Pumpkin Carving Tool
This page describes how to make my tool for carving pumpkins into jack-o-lanterns and other artwork. Pumpkin Masters makes a similar tool. I've greatly enjoyed the Pumpkin Masters carving tools as well as their wonderful designs, but felt that their tool just was not precise enough for how I work or what I wanted to carve. The Pumpkin Masters tool also seems prone to breaking easily and does not handle delicate carving very well. My tool carves well and lets you carve corners and sharp turns quickly. Perhaps this is a case of not being a Jedi until you can build your own lightsaber.
- One popsicle stick, split in half
- Pack of scroll saw blades, pinned ends
- Roll of black electrical tape
- Fine metal wire (such as fence wire)
- Needle nose pliers
- Scissors/knife to cut tape and stick (optional)
- Pushpin or small nail (optional)
Step 1 Cut the pin off the pointed end of a blade.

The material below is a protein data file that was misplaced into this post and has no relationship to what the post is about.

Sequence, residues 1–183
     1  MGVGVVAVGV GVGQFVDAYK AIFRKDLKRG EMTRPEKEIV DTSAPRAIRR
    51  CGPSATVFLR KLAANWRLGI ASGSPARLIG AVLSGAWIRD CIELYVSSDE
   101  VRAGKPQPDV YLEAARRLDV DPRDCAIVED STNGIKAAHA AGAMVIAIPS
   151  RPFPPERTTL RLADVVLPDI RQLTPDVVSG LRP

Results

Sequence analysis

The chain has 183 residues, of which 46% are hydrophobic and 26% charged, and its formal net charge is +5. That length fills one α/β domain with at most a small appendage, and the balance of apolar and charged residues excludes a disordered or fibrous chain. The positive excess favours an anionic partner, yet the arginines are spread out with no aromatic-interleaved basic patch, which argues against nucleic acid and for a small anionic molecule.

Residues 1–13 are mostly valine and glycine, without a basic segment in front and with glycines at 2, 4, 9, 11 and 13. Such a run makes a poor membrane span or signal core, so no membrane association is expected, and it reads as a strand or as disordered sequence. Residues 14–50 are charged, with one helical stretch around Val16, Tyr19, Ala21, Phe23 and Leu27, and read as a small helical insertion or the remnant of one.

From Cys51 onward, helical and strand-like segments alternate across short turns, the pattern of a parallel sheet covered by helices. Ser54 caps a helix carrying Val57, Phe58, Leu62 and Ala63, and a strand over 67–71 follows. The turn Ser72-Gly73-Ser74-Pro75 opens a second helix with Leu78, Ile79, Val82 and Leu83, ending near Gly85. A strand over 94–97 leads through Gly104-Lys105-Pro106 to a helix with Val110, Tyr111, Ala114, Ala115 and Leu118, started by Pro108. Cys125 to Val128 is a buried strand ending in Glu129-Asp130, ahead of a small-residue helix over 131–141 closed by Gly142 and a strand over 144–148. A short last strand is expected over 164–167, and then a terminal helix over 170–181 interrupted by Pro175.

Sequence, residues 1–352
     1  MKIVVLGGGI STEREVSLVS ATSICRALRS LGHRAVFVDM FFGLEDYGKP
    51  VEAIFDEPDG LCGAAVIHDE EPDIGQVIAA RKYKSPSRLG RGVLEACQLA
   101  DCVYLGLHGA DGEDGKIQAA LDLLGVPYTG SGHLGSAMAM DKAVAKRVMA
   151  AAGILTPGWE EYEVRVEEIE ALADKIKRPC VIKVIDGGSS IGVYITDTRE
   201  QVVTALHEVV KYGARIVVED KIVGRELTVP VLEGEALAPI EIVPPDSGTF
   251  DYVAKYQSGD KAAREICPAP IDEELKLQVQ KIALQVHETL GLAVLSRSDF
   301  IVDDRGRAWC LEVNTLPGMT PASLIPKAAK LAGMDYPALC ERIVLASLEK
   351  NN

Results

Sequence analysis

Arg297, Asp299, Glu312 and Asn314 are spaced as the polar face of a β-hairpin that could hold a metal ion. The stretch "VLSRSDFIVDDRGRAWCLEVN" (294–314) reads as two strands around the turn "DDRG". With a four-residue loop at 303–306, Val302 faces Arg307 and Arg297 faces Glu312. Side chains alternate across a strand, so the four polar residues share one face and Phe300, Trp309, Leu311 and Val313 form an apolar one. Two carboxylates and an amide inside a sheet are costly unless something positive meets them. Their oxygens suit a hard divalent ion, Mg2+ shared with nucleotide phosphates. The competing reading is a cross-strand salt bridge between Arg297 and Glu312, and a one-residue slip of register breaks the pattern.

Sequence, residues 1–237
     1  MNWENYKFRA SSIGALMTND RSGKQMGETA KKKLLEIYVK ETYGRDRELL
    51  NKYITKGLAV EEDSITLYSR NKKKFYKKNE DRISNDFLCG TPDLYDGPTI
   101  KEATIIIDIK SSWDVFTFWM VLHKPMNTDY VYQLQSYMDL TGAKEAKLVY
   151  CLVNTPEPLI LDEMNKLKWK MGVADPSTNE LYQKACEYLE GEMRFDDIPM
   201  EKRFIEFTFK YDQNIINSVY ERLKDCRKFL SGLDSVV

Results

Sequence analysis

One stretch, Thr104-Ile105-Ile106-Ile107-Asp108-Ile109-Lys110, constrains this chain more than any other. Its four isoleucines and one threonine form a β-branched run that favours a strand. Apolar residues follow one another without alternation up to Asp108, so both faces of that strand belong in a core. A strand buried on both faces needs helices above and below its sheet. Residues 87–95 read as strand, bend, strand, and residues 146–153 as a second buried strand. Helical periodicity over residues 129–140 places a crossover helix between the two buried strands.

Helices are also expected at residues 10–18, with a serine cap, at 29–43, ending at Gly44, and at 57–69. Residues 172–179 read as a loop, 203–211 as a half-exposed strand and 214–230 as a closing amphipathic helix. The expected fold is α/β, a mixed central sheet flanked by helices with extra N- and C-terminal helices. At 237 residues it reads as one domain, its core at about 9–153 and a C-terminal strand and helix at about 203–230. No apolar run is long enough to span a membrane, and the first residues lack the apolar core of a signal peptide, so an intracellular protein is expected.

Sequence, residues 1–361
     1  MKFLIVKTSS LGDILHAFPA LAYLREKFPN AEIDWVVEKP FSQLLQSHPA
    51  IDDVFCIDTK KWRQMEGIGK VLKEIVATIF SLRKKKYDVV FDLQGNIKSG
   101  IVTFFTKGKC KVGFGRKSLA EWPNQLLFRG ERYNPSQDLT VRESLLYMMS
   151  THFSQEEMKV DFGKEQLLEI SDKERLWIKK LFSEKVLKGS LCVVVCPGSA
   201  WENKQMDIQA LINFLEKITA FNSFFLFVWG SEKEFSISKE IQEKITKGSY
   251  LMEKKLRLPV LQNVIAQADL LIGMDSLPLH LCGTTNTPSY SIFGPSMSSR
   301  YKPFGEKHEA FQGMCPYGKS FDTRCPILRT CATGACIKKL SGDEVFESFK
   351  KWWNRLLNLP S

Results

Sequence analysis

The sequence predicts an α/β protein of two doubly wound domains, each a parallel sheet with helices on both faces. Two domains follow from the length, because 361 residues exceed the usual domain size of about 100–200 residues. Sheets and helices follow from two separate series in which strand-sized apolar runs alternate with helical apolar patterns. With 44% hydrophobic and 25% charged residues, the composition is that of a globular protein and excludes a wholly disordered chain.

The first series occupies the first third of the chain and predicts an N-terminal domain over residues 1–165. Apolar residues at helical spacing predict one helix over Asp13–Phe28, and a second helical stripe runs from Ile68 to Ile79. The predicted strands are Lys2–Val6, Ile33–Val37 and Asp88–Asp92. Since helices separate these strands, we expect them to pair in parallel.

Be sure to cut it off the end with the teeth pointing outward. This allows the tool to carve as you push it into the pumpkin.
Step 2 Push the pinned end into the first half of the popsicle stick.
It may be helpful to use the pliers to squeeze it in or to "pre-drill" a hole for the pin. You could use a pushpin to make the hole. It should not go all the way through the stick. The round end should be away from the saw blade.
Step 3 Add the second half of the stick.
You'll want to push the pin into the stick much like you did in step 2. Pre-align this half to make sure the sticks match up well.
Step 4 Add the wire.
The wire is what holds the sticks together and keeps the blade in place. You want to wrap up and around the blade from each direction so that it will not wiggle in use. The pins embedded in the stick help keep the blade in place as well.
Step 5 Tuck in the wire.
When you've got a reasonably tight wrapping of wire that is holding the blade and sticks in place, you can cut off the excess wire and tuck it back into the wrapping. This keeps it from poking you.
Step 6 Add electrical tape.
Although you could start using the tool after step 5 above, I find it more comfortable and stable if you wrap the stick and wires in electrical tape. This gives a nice grip and a minor amount of padding. Take your time and make it look nice. You'll want to wrap up around the blade, too.